We take you back now to Birobidjan, in the Russian Far East . . . It’s winter and I’m languishing in our bedroom in the rooms above the Pedagogical Institute, where we teach English:

Bored to distraction, I got to wondering about the history of the blue bedroom wall drapery as I lay down to study the frost patterns on the window. I had gotten sore from lounging on the lightly padded boards of my easy chair while trying to harmonize with the hum of the water purifier. I wondered what note a person with perfect pitch, or a piano, would assign to it. I would guess about middle C.

Anyway, about the garishly colored wall drapery: How did those long waves of dirt get up there? Was it originally a rug with wine spilled all over it? Is it possible for water to seep through a concrete wall, soak the drapery and the dust that covers it? Was the wall sprayed during a fire?

Thinking of fire, I once again looked uneasily at the reinforcing-rod design bolted over the windows. A total fire trap. But again I reassured myself that in case of fire I would be crazed with fear, and with the strength of ten I could kick the bars loose and jump two stories. Or die trying. I doubted that the Russians could do any better job of bolting on fire traps than they could doing anything else (apart from art, music, literature and rocket science). But you get tired of worrying after a while and just resign yourself. Hey, it’s been fun.

Back to the window: I summoned my inner resources and got up to study the frost pattern on the outer window pane. It was really quite beautiful. The pane on the left was shaded and the thick layer of frost looked medium gray and spread over the glass in the shape of a lacy shrub, or clump of seaweed, that branched upward in ever finer strands of filigree. Lovely.
The other panel was even prettier. A foot-high drift of frost swept across the glass like a snow bank that grew upward into mineral-like, geometric crystals. It was like a box of diamonds. These then transformed into a remarkable spray of leaf-like crystals flying into the air. They resembled moss leaves I once saw in an Appalachian forest, or fern branches, or one-inch palm trees. Perfect graceful little leaves. I finally photographed both panels. Came up with one photo that was quite artful, I thought, but I can’t find it. Maybe this was old stuff for a Northerner, but I’m a Southerner.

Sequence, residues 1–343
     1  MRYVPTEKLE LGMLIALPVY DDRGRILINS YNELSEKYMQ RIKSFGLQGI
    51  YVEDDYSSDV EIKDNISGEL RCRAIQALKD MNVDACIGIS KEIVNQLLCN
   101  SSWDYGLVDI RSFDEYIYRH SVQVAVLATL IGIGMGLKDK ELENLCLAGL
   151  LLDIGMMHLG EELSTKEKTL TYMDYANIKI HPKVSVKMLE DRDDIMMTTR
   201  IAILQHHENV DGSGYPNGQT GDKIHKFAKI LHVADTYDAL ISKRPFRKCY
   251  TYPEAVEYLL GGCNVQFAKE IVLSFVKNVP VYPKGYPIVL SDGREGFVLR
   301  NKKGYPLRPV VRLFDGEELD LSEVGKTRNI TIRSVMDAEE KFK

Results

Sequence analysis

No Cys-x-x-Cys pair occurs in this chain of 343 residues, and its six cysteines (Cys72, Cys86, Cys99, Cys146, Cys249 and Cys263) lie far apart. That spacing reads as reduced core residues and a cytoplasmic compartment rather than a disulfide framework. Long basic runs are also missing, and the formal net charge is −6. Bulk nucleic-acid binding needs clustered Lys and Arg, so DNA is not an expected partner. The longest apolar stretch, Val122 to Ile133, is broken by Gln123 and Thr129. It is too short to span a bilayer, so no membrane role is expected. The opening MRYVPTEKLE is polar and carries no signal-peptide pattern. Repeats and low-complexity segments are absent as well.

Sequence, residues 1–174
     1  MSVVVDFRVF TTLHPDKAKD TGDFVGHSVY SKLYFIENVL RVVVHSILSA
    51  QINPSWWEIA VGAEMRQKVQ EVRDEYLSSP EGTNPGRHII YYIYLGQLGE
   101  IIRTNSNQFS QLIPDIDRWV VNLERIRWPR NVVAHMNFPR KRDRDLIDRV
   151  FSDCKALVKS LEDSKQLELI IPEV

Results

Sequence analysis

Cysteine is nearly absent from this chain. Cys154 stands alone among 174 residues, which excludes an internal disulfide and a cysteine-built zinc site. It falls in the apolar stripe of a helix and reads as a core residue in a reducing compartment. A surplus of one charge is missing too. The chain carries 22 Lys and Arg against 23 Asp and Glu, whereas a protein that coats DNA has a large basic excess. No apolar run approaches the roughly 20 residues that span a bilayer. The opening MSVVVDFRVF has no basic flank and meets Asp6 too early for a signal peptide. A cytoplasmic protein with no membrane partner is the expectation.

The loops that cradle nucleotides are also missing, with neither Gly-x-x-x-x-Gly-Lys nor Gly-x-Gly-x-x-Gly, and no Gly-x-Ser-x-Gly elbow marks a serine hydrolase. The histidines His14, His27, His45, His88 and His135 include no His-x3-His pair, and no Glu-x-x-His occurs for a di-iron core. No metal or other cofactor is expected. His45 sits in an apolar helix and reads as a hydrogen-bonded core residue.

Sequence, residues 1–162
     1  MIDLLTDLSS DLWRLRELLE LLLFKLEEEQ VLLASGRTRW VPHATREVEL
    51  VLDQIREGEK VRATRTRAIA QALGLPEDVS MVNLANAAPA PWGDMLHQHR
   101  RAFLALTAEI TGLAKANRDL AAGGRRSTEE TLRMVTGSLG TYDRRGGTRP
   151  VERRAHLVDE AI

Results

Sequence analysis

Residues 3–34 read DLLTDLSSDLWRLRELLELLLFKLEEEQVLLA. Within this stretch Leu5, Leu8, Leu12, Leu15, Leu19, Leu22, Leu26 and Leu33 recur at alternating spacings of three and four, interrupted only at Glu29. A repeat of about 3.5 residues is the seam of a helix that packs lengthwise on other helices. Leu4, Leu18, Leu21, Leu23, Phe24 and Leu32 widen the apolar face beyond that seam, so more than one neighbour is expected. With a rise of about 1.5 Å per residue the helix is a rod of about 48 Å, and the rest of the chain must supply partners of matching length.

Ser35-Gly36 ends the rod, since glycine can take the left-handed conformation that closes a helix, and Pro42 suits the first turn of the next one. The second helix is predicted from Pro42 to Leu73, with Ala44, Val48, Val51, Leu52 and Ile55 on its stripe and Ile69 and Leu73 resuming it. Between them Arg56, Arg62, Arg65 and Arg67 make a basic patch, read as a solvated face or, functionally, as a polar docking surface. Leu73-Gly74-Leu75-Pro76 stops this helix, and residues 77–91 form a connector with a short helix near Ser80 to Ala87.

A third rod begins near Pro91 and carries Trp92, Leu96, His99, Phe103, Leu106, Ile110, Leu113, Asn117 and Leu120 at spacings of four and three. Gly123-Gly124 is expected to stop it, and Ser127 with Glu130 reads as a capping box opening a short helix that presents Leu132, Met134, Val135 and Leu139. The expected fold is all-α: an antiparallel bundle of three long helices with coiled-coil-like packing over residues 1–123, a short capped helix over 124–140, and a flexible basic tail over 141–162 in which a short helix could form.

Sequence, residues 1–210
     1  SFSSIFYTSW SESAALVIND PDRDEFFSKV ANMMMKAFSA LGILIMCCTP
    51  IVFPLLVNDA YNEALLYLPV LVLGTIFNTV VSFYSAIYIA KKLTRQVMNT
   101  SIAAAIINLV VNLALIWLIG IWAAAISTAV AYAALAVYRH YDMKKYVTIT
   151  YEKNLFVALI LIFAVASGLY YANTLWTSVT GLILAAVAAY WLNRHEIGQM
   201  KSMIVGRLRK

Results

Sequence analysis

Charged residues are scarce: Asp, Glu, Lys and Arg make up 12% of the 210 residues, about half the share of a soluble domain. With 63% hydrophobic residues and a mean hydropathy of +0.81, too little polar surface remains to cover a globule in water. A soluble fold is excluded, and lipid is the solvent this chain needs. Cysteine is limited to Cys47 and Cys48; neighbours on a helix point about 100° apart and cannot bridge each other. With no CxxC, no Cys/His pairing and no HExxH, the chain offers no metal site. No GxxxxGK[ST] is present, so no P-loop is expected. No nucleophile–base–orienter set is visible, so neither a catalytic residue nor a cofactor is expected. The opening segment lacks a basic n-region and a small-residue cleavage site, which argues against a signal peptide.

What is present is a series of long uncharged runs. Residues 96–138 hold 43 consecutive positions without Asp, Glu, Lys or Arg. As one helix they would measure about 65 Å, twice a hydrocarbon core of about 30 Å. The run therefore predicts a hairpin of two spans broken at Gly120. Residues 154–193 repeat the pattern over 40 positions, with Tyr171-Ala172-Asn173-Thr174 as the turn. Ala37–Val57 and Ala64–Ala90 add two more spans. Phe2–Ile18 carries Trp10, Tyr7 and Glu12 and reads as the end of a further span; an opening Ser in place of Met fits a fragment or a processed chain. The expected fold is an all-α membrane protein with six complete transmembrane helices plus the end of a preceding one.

It was quiet on the street outside, most people hunkering down in their very old concrete buildings, making only a quick dash to the market as needed. A couple of scavenging magpies hopped around. Do birds bitch to each other about cold feet, being barefoot? You wonder about such things on a frozen-hard day. It doesn’t seem to bother the dogs. I guess their foot pads are like leather. Or maybe they just quickly get numb.

A little boy, fur ear flaps flapping, went by pulling an empty sled. His mother’s shapka looked electrified, or like a paint brush improperly cleaned. I guessed they were going shopping. It was too cold for sport sledding.

OK, OK, I thought, take action, do something. I walked around outside for about ten minutes at mid-afternoon with our little thermometer dangling from around my neck. How far would the red line sink? How cold was it? But on this day, it was up to -10F. Not bad! I would have wandered some, but I was only wearing my moccasins and socks and my feet hurt. I tried hopping around like the magpies. Too dangerous, too easy to fall. Went back inside. Back to reviewing Russian verbs: “to arrive on foot,” vs. “to arrive by conveyance.”
It was a long, long winter for a southern guy.

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